Distance-learning technologies that open up access to education are going to be vital in improving Ireland’s educational standing and create the knowledge basis for economic success in the future, the chairman of the Higher Education Authority (HEA) has said.
Speaking yesterday in Dublin Castle at an international networking event for Minerva, the EU’s open and distance-learning programme, Michael Kelly said it was the HEA’s stated ambition that Ireland be in the top 10 OECD countries in terms of educational performance but to achieve this the issue of access needed to be addressed. “We have to ensure that learners of any age are given the opportunity to succeed and thrive in the digital age,” he said.
Kelly said while Irish universities had been involved in several Minerva projects in recent years that have developed innovative learning technologies, not all aspects of educational attainment were so impressive. “While great strides have been made in Ireland, there are still many areas of educational performance that need urgent attention,” he said, noting that education, training and learning were fundamental to societal and economic development.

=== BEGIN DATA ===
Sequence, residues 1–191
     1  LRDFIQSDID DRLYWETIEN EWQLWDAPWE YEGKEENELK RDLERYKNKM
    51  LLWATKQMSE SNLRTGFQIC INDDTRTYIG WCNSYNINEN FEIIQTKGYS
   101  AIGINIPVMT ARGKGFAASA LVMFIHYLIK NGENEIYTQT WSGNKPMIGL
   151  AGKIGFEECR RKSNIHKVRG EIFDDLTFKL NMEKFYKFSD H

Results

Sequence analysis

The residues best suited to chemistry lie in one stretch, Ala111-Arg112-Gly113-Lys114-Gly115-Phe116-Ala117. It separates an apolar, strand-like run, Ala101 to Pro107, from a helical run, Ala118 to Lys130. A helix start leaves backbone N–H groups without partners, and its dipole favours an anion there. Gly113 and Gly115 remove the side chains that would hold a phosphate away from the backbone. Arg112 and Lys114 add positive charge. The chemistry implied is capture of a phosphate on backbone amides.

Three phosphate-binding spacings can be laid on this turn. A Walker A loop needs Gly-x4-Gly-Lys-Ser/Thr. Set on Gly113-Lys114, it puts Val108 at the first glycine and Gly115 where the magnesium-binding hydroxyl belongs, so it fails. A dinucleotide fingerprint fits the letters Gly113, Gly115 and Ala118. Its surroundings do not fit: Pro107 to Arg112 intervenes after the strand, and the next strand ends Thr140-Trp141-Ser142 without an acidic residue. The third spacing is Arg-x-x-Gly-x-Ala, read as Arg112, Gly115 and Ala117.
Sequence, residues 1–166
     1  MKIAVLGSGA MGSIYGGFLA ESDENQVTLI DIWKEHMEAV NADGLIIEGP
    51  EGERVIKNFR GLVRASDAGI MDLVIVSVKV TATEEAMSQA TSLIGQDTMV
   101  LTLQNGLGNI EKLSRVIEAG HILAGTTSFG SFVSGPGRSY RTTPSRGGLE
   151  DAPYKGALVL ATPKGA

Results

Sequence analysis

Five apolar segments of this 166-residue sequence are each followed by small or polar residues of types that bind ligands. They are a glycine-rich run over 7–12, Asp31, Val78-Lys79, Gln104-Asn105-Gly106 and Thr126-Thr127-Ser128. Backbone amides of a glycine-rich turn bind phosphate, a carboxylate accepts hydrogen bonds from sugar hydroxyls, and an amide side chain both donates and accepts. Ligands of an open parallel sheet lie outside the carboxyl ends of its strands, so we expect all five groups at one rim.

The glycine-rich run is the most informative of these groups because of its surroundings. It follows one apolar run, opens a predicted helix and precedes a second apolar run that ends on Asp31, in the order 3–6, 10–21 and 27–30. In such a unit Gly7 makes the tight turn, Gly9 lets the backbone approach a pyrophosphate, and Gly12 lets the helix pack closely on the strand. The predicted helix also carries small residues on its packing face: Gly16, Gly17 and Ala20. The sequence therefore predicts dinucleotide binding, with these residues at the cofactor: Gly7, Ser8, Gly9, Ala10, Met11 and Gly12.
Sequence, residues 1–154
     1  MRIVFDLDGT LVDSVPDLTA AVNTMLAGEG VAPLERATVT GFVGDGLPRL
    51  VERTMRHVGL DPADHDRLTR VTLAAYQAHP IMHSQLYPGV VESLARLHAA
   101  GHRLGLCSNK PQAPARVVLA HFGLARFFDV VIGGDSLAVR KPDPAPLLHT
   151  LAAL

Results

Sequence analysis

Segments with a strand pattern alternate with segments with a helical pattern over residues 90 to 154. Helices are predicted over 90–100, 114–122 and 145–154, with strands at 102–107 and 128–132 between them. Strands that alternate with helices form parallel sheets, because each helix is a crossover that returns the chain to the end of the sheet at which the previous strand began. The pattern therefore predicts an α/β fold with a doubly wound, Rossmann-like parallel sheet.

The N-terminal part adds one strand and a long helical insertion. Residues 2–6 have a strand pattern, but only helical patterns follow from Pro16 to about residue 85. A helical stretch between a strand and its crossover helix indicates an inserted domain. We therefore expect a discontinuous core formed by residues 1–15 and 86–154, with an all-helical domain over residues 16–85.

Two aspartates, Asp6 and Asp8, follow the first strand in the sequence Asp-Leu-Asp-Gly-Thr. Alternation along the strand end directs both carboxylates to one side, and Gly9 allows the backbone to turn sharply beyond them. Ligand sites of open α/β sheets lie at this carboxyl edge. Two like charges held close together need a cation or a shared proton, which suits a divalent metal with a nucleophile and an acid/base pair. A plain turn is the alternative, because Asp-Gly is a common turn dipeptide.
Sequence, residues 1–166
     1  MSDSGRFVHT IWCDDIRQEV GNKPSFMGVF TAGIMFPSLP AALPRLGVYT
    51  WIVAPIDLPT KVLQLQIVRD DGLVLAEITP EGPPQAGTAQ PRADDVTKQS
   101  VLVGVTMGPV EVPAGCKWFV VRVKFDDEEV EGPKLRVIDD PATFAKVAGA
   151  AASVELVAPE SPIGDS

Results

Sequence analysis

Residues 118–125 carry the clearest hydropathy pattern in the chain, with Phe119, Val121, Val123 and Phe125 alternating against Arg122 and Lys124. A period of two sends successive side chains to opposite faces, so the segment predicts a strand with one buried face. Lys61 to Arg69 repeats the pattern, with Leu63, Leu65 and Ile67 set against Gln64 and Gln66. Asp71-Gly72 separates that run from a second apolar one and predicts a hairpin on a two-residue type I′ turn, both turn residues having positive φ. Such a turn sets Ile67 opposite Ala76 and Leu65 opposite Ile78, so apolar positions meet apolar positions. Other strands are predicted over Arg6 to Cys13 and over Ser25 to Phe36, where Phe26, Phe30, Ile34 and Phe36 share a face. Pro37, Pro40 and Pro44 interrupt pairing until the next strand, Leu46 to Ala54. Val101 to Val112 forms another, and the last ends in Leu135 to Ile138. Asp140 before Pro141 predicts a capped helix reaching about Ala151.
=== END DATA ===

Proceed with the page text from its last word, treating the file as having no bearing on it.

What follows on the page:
Jim Devine, director of Dun Laoghaire Institute of Art, Design and Technology, who gave the keynote presentation at the seminar, said the falling cost of technology, the spread of broadband, and the rise of digital living had created a seismic shift in education whereby students had the resources and skills to create and manage their own learning materials, generating their own ‘e-portfolios’. “In terms of education, process is as important as product and we’ve got to give students free rein to develop their own content,” he said.
On the other hand, he added, while many universities had implemented learning management systems and got involved in innovative e-learning projects, the jury was still out on whether or not technology was transforming the learning experience or simply e-enabling existing teaching methods. “The question is to what extent are e-learning and digital technologies anticipating and underpinning innovation in teaching itself?”
Making a plea for extra resources for his own sector, Devine said the institutes of technology were at a disadvantage to the universities in terms of their ability to develop learning technology centres. He said they had to contend with “capacity and scale” issues that made it difficult for them to engage in e-learning to the same extent.
By Brian Skelly